1st Edition

Resilience of Democracy Responses to Illiberal and Authoritarian Challenges

Edited By Anna Lührmann, Wolfgang Merkel Copyright 2023

    Illiberalism and authoritarianism have become major threats to democracy across the world. In response to this development, research on the causes and processes of democratic declines has blossomed. Much less scholarly attention has been devoted to the issue of democratic resilience. Why are some democracies more resilient than others to the current trend of autocratization? What role do institutions, actors and structural factors play in this regard? What options do democratic actors have to address illiberal and authoritarian challenges? This book addresses all these questions.

    The present introduction sets the stage by developing a new concept of democratic resilience as the ability of a democratic system, its institutions, political actors, and citizens to prevent or react to external and internal challenges, stresses, and assaults. The book posits three potential reactions of democratic regimes: to withstand without changes, to adapt through internal changes, and to recover without losing the democratic character of its regime and its constitutive core institutions, organizations, and processes. The more democracies are resilient on all four levels of the political system (political community, institutions, actors, citizens) the less vulnerable they turn out to be in the present and future.

    This edited volume will be of great value to students, academics, and researchers interested in politics, political regimes and theories, democracy and democratization, autocracy and autocratization, polarization, social democracy, and comparative government. The chapters in this book were originally published as a special issue of Democratization.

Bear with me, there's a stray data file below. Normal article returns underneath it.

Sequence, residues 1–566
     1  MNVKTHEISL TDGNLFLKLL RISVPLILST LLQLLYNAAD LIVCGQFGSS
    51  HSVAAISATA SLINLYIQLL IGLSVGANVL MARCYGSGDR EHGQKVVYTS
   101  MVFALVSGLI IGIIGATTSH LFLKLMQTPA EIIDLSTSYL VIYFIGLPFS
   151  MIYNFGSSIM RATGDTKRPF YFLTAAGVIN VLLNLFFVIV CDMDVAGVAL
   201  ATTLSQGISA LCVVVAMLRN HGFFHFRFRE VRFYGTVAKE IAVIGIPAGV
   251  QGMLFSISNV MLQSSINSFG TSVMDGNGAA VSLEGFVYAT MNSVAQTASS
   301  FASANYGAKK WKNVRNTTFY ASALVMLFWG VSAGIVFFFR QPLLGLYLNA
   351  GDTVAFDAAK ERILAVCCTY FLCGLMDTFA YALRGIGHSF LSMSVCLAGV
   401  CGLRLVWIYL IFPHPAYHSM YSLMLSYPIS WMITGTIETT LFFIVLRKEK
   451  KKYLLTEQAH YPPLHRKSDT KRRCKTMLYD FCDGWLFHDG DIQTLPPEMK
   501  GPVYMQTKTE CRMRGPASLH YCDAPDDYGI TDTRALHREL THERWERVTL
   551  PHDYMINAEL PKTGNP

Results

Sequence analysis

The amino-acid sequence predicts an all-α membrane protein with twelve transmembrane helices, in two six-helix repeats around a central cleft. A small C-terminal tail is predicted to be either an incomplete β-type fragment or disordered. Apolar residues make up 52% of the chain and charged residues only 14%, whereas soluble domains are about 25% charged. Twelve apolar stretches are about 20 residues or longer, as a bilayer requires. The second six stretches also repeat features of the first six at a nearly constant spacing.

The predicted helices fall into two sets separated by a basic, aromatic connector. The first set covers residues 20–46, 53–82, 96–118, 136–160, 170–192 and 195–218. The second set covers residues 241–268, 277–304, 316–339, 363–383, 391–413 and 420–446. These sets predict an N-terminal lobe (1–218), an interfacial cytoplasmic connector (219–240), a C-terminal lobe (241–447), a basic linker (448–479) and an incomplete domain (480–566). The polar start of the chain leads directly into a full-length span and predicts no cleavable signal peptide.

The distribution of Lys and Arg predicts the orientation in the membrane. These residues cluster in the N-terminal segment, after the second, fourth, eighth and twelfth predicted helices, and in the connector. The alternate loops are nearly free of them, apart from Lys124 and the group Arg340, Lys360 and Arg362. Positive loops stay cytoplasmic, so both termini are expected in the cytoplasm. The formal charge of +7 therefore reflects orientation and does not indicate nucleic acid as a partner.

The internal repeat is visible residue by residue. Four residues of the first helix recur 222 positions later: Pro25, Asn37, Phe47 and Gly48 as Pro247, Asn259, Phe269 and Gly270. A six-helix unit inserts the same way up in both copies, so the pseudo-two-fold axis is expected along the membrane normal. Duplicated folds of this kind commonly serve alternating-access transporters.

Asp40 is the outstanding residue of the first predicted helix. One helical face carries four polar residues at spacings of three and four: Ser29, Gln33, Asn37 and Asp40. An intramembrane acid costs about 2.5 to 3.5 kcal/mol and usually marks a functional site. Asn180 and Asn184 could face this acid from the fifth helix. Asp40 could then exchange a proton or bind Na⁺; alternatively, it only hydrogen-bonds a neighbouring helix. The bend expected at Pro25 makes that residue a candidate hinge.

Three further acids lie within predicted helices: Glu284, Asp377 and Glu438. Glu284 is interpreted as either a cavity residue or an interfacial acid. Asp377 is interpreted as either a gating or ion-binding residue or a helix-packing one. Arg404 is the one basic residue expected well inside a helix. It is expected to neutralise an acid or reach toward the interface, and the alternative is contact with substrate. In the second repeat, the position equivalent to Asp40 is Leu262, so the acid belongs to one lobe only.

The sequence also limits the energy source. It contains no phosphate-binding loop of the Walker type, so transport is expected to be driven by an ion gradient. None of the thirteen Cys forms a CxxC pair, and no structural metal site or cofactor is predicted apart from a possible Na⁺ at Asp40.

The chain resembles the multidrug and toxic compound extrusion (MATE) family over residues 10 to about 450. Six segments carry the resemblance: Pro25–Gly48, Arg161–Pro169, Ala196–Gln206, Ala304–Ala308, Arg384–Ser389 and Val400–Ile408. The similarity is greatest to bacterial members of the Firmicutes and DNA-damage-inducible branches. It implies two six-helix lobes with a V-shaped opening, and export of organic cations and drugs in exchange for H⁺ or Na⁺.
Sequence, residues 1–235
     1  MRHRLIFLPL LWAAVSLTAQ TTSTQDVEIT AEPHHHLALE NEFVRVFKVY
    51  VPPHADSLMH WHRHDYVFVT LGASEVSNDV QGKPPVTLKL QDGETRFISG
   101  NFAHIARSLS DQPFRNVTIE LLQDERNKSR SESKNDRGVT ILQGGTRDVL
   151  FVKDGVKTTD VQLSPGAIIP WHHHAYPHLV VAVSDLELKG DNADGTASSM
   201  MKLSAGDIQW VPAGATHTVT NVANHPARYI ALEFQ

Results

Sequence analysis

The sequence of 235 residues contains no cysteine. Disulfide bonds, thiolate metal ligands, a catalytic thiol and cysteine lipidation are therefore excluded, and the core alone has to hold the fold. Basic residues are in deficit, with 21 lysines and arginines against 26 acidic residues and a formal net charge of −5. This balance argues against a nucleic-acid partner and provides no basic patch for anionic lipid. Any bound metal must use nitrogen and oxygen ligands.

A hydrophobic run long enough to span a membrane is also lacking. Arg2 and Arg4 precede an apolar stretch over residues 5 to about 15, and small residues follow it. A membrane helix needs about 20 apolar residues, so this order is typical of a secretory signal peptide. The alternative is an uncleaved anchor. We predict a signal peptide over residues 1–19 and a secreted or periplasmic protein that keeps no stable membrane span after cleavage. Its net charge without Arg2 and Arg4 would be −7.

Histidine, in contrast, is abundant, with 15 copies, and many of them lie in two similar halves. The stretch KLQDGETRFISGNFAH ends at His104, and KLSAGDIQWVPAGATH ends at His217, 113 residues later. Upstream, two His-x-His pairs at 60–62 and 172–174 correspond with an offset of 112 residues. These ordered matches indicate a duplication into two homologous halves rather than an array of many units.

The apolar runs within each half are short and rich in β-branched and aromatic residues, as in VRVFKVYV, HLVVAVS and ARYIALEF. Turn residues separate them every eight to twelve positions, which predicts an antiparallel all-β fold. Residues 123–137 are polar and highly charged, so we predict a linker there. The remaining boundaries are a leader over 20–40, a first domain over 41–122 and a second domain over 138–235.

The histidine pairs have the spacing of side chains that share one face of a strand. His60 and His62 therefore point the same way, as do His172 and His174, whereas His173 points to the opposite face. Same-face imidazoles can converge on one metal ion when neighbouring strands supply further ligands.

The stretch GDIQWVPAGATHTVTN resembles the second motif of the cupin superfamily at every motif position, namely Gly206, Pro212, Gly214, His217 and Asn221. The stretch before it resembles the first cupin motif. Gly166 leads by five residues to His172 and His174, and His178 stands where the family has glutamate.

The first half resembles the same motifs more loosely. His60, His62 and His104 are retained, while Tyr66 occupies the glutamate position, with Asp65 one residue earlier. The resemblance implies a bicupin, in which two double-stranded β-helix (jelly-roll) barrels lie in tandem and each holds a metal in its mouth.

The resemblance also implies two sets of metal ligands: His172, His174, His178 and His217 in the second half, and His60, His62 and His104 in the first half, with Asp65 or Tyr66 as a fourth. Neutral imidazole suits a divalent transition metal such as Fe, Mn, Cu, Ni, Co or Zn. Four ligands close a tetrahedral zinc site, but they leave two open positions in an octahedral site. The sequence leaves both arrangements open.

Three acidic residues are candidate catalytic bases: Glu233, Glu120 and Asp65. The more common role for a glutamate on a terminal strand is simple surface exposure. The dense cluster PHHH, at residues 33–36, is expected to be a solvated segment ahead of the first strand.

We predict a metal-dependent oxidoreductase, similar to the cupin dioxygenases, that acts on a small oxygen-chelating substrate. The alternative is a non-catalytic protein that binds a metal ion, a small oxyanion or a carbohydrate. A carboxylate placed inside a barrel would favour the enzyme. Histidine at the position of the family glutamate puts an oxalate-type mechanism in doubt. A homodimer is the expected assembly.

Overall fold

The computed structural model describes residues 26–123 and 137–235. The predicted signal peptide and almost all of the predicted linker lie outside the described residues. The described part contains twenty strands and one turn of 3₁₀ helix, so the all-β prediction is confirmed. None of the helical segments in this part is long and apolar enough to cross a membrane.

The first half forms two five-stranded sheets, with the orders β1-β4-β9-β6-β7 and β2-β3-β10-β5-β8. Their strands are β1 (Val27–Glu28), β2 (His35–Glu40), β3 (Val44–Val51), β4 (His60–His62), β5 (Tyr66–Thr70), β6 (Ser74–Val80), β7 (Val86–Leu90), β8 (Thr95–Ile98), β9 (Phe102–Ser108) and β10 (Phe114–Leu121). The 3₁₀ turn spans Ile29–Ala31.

Introduction—Resilience of democracies: responses to illiberal and authoritarian challenges

    Wolfgang Merkel and Anna Lührmann

    1. How democracies prevail: democratic resilience as a two-stage process

    Vanessa A. Boese, Amanda B. Edgell, Sebastian Hellmeier, Seraphine F. Maerz and Staffan I. Lindberg

    2. What halts democratic erosion? The changing role of accountability

    Melis G. Laebens and Anna Lührmann

    3. Pernicious polarization, autocratization and opposition strategies

    Murat Somer, Jennifer L. McCoy and Russell E. Luke

    4. Negative partisanship towards the populist radical right and democratic resilience in Western Europe

    Carlos Meléndez and Cristóbal Rovira Kaltwasser

    5. The supply and demand model of civic education: evidence from a field experiment in the Democratic Republic of Congo

    Steven E. Finkel and Junghyun Lim

    6. Democratic Horizons: what value change reveals about the future of democracy

    Christian Welzel

    7. Disrupting the autocratization sequence: towards democratic resilience

    Anna Lührmann


    Anna Lührmann has been Associate Professor of Political Science at the University of Gothenburg, Sweden, and since 2021 serves as a Member of the German Bundestag and Minister of State at the Federal Foreign Office.

    Wolfgang Merkel is Professor Emeritus at Humboldt University, Berlin, Germany, and Director Emeritus at WZB Berlin Social Science Center. He serves as Senior Scholar at the Democracy Institute at Central University in Budapest. His research focuses on Transformation of political regimes, (defective) democracy and democratization, political parties, and social democracy in power. He co-edited The Oxford Handbook of Political, Social, and Economic Transformation (2019).